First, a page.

My first sight of the water took my breath away. I’ve been to some pretty fantastic beaches around the world, but none of them have had such a vivid blue as the water in Cancun. It’s such a bright blue, it honestly looks photoshopped. The waves aren’t that big – smaller than in Southern California, but far larger than in Edinburgh. I was able to bodysurf a few of them, but I had more fun using my Samsung S20 Ultra phone to take some amazing photos and videos in the water. I eventually ran out of battery and then had to wait overnight for the ports to dry out enough to charge up my phone again.
At the top of the Hotel Zone is a group of hotels, clubs and attractions that are like a mini Las Vegas. Things are quite wild in this area, between crazy shows, exorbitant prices, and a lot of drug use. Suffice to say, it wasn’t my favorite part of Cancun. But if you head to the south just a couple of minutes where the hotels are older, you come to emptier beaches. Well, Cancun in general wasn’t that busy, even though Mexico is about the only place in the world really accepting travelers with open arms (no quarantine, tests, or restrictions) at the time of this writing.
Before we left Cancun, we made sure to check out Mercado 28, the other big market. This one is probably about ten times the size of Mercado 23, and definitely more for tourists. Unfortunately, every stall had a man outside shouting at us with a constant stream of verbiage. Even if we tried to say something to them, they just kept talking as if we weren’t even there. This very quickly became too obnoxious, and after a quick circuit around the market, we left.
If you’re looking for a specific souvenir or a really good selection, Mercado 28 is probably where you’ll find it. I’d recommend taking a pair of headphones with you, as you’ll just be overwhelmed by all the demands to buy their silver, tequila, cigars and everything else that they offer there.
Some Other Observations
Cancun is the second-largest city on the Yucatan Peninsula and the largest in the State of Quintana Roo with a population of nearly 900,000 (not including the millions of tourists). In other words, it’s huge and sprawling. Maybe not by Los Angeles standards, but it is big. Most people think of Cancun as just the strip of beach, a.k.a. Hotel Zone. In the city proper, there are all kinds of other attractions and stores, such as malls, cinemas, Walmarts and even a Costco.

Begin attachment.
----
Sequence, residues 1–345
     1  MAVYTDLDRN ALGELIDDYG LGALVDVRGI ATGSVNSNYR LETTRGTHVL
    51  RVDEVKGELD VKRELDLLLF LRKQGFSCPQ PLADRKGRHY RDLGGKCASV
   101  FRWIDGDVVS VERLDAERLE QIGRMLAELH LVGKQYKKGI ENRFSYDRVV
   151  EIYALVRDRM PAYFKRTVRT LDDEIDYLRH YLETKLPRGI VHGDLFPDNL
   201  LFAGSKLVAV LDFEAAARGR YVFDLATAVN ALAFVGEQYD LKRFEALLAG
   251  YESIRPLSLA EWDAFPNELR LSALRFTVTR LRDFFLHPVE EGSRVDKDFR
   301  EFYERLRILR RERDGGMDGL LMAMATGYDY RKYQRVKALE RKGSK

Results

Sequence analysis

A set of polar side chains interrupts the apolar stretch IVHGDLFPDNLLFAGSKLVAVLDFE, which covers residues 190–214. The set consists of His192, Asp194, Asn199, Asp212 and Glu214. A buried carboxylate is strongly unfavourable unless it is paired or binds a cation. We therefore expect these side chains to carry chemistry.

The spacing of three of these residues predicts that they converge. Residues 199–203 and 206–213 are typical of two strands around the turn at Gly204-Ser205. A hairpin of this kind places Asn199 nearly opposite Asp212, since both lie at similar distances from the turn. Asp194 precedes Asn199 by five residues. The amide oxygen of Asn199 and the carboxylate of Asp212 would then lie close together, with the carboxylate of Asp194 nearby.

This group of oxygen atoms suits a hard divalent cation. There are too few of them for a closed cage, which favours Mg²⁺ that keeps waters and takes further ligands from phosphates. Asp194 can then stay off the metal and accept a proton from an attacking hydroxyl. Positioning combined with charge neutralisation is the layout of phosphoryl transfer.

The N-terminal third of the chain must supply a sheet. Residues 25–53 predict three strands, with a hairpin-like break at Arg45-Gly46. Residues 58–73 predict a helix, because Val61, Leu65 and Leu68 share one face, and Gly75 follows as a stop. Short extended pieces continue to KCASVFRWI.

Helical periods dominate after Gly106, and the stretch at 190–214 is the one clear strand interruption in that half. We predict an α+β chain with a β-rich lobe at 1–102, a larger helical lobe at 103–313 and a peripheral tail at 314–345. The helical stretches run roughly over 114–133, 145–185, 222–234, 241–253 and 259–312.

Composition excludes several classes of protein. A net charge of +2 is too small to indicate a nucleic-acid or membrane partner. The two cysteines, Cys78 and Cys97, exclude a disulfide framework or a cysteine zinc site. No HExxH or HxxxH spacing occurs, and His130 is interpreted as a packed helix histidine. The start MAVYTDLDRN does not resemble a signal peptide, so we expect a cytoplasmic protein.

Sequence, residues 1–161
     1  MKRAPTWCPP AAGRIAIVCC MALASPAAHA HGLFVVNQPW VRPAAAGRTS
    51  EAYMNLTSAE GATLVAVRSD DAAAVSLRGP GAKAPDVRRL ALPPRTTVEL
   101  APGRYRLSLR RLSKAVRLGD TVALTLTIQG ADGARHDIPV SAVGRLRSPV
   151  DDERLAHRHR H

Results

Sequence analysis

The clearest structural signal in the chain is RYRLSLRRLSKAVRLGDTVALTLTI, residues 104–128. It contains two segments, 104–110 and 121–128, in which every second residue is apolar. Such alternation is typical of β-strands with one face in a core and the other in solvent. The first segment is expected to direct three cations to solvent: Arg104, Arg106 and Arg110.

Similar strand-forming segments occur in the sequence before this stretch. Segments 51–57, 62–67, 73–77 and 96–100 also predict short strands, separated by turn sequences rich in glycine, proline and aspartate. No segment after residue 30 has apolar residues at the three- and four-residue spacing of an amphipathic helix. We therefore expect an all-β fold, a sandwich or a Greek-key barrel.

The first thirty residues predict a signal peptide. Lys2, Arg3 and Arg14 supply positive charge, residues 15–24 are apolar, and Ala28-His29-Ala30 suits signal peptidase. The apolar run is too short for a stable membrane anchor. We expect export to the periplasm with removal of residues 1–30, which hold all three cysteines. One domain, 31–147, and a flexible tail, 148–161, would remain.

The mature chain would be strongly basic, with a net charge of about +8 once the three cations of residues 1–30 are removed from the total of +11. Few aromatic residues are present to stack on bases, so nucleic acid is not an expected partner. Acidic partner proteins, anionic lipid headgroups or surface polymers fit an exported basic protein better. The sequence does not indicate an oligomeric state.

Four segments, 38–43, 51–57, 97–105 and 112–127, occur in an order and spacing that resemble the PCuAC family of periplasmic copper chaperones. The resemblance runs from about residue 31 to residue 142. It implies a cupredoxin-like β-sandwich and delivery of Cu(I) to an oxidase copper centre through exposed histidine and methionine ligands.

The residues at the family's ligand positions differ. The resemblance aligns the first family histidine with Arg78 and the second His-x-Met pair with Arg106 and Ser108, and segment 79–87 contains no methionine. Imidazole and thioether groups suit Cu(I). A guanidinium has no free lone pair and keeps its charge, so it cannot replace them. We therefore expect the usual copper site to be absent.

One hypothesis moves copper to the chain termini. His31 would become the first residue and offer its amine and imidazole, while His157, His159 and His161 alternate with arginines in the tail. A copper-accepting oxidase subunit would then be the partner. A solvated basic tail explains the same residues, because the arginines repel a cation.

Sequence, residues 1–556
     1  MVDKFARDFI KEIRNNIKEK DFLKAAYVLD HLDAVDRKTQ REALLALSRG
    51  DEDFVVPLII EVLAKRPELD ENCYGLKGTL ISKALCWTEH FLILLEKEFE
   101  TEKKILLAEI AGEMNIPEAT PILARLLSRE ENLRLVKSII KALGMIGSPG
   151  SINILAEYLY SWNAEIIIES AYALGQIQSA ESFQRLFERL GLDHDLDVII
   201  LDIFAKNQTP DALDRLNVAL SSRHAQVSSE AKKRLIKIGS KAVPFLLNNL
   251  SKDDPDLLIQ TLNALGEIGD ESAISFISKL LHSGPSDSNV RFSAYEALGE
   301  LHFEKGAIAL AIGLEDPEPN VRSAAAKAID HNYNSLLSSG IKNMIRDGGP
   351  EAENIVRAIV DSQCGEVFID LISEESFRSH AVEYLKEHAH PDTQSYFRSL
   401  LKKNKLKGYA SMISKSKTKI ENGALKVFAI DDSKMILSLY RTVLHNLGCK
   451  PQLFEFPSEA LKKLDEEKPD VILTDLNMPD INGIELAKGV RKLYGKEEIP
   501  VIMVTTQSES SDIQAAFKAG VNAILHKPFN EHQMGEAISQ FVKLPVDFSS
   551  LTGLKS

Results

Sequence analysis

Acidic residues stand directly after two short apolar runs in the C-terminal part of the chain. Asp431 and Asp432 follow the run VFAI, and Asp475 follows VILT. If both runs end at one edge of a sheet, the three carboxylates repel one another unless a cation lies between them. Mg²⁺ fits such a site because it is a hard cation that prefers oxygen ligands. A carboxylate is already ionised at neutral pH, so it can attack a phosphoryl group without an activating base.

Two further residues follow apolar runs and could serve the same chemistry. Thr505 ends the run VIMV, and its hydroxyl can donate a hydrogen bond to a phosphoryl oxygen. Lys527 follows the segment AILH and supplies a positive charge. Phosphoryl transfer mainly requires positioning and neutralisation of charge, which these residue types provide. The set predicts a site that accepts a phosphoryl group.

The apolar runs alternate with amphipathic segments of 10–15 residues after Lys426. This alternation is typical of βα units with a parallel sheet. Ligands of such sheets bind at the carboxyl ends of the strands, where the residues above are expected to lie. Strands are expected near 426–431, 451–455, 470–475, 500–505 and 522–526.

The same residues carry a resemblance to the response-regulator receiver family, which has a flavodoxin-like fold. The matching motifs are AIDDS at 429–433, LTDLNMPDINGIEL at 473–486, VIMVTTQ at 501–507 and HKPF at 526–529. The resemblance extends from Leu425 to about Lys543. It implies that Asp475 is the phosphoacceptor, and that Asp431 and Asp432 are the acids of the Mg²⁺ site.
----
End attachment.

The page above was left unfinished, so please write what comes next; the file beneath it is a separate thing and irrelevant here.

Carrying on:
Transportation in Cancun
Getting around Cancun was rather difficult as I wasn’t able to find any website, app, or map that showed the bus and colectivo (minivan) routes. At least the rides I did find were cheap. The bus from the airport was about $5, the bus to the beach is currently $0.60 (and regularly increasing bit by bit), and the bus down to Puerto Morelos – the next city south – was $1.50. I’ll go over more about the cost of Cancun in a separate post on how to travel there on a budget.
Is Cancun Safe?
I felt surprisingly safe throughout my entire stay in Cancun. Despite nearly every home window having bars, there didn’t seem to be a lot of crime. Neither my girlfriend nor I ever had that sixth sense that someone was going to rob or harm us. I heard from a fellow traveler that Tulum tends to see quite a bit of violence, and another friend of mine was recently robbed in Playa del Carmen. Sure, every part of the world has those few individuals whose whole purpose is to harm others, but don’t focus on them.
There’s a lot more I could say about Cancun, but I’ll leave those for separate articles. I’ll have to write an article about the cuisine of the region, how to travel to Cancun on a budget, and maybe one on all the street art. But I also want to focus on Puerto Morelos, which is where I moved to after my four days in Cancun. I completely fell in love with Puerto Morelos, and I think it’s a far better destination to visit, also it doesn’t have the same fantastic blue beaches that Cancun has. At least it only takes an hour to travel between the two.